- Protesting landowners want the PNG Government to review its joint funding agreement with Australia
- They say the current arrangement is not translating into benefits for landowners
- The chief executiv of the PNG Tourism Promotion Authority says the blockade is likely to be lifted by March
A group of landowners want the Government to review the Kokoda Initiative, a joint funding agreement with Australia, and give them money it promised for certain projects.
They have blocked the access road to the start of the track at Owers Corner.
Spokesman James Enage said the group was protesting because Government funding was not translating into benefits for landowners.
"Parents here are struggling for school fees," he said.
"In some of the health centres that are built along the Kokoda Track there are no health workers, there is no medicine."
Mr Enage said the landowner group had presented the Government with a list of recommendations that needed to be acted upon before the blockade would be lifted.
"Until the Government provides a response that addresses those and until the current Government comes and talks to us and we all reach an amicable solution, then this will reopen," he said.
Mr Enage was previously the chief executive officer of the Kokoda Track Authority (KTA), the management agency which oversees trekking company licences and trekker permits.
The PNG Government recently announced it was reviewing the KTA, after sustained criticism from tour operators about poor management of the track and trekking.
But Mr Enage denied the landowner action was linked to that.
"The Kokoda Track [Authority] review is actually a separate issue altogether," he said.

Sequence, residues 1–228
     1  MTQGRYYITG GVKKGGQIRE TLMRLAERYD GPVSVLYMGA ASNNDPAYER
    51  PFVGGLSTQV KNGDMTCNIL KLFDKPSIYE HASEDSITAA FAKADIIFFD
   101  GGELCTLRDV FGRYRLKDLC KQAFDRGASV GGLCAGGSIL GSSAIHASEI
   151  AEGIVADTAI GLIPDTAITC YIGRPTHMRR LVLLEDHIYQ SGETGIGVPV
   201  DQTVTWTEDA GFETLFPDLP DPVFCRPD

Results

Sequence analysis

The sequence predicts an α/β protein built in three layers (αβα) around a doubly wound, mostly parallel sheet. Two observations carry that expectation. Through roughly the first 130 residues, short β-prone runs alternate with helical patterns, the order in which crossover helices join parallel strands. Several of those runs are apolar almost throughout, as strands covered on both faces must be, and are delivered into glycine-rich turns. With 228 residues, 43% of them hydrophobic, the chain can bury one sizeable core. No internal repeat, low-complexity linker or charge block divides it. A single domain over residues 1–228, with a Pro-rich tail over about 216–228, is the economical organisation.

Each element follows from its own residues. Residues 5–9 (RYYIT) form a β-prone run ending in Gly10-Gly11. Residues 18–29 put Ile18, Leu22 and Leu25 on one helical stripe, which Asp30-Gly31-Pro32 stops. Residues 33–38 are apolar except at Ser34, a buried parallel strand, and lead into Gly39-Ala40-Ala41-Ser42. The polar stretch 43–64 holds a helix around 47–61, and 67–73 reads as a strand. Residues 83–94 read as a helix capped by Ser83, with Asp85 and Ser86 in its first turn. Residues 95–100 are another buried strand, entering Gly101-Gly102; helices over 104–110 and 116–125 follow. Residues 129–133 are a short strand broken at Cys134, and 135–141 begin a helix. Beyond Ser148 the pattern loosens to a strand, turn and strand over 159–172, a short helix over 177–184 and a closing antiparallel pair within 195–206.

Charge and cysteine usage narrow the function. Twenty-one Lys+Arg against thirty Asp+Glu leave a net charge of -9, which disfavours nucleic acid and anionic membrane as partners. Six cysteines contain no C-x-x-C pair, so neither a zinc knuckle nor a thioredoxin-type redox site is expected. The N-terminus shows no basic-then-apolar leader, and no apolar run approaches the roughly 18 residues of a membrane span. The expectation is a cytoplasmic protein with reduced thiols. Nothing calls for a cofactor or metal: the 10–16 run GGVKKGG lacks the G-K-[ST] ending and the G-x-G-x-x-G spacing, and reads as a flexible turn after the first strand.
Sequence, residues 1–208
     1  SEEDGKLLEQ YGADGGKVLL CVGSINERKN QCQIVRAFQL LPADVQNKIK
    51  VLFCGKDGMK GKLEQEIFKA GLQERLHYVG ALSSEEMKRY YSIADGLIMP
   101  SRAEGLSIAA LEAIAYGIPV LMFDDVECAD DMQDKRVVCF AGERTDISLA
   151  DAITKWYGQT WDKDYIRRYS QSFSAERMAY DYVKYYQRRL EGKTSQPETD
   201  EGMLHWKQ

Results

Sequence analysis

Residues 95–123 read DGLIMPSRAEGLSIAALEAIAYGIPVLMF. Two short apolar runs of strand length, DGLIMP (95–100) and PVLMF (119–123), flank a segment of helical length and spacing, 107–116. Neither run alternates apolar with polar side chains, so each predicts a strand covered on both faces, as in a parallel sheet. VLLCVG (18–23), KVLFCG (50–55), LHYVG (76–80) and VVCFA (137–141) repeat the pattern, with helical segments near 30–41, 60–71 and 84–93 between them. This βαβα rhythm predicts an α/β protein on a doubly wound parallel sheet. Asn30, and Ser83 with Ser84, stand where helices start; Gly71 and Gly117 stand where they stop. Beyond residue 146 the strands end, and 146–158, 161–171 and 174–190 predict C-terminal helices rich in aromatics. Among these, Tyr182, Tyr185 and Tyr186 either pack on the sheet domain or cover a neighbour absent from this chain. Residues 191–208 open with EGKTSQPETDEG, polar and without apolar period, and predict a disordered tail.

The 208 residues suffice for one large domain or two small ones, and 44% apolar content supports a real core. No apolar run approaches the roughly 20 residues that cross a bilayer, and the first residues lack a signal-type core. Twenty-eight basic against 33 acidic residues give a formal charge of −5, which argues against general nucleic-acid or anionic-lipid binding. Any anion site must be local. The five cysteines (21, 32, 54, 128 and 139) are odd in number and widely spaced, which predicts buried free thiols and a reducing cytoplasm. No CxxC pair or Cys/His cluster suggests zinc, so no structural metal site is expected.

The PNG Government is holding a meeting to discuss the landowner's demands.
The chief executive of the PNG Tourism Promotion Authority, Jerry Agus, said he was confident the blockade would be lifted before the start of the trekking season, in March.
"This is an issue that PNG Government agencies will deal with and we are hoping that we can sort this issue out very quickly," he said.
The president of the Kokoda Tour Operators Association, Sue Fitcher, agreed.
"Our information is that key stakeholders and government agencies are working with landowners to resolve their concerns," she said.
"Our overall concern is protecting and presenting this unique place and its people to the world at the highest possible standards."
Australia's Department of Foreign Affairs and Trade, which overseeing funding for Kokoda Track initiatives, defended its aid.
"Australia has delivered tangible and lasting benefits to track communities through the Kokoda Initiative, including delivering road upgrades, health services, classrooms and water and sanitation facilities," it said in a statement.
The department said it was monitoring the blockade situation and urged people with trekking bookings to check arrangements with their tour companies.
"The current advice on the Smartraveller website recommends trekkers confirm that their trekking company has contingency plans in place, should the track be blocked," the department said.